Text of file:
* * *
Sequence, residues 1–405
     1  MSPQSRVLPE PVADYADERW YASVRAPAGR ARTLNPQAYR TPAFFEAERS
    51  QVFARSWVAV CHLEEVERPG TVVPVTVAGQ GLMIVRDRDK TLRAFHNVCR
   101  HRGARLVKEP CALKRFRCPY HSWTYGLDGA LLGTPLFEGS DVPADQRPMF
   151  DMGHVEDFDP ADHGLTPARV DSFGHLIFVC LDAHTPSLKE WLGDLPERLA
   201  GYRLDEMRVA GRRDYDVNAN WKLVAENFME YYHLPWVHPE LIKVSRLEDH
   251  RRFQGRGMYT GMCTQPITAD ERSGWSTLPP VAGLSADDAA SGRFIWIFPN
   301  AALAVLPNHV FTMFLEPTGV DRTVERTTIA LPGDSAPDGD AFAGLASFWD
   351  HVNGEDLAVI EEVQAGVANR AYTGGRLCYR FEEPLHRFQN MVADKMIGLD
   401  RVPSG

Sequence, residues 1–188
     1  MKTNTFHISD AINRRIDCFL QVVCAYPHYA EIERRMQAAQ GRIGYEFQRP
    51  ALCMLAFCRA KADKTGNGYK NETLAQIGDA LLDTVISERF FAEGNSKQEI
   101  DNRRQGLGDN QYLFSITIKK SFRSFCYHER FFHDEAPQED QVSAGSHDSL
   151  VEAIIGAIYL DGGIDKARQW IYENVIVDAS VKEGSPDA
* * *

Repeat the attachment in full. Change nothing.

Sequence, residues 1–405
     1  MSPQSRVLPE PVADYADERW YASVRAPAGR ARTLNPQAYR TPAFFEAERS
    51  QVFARSWVAV CHLEEVERPG TVVPVTVAGQ GLMIVRDRDK TLRAFHNVCR
   101  HRGARLVKEP CALKRFRCPY HSWTYGLDGA LLGTPLFEGS DVPADQRPMF
   151  DMGHVEDFDP ADHGLTPARV DSFGHLIFVC LDAHTPSLKE WLGDLPERLA
   201  GYRLDEMRVA GRRDYDVNAN WKLVAENFME YYHLPWVHPE LIKVSRLEDH
   251  RRFQGRGMYT GMCTQPITAD ERSGWSTLPP VAGLSADDAA SGRFIWIFPN
   301  AALAVLPNHV FTMFLEPTGV DRTVERTTIA LPGDSAPDGD AFAGLASFWD
   351  HVNGEDLAVI EEVQAGVANR AYTGGRLCYR FEEPLHRFQN MVADKMIGLD
   401  RVPSG

Sequence, residues 1–188
     1  MKTNTFHISD AINRRIDCFL QVVCAYPHYA EIERRMQAAQ GRIGYEFQRP
    51  ALCMLAFCRA KADKTGNGYK NETLAQIGDA LLDTVISERF FAEGNSKQEI
   101  DNRRQGLGDN QYLFSITIKK SFRSFCYHER FFHDEAPQED QVSAGSHDSL
   151  VEAIIGAIYL DGGIDKARQW IYENVIVDAS VKEGSPDA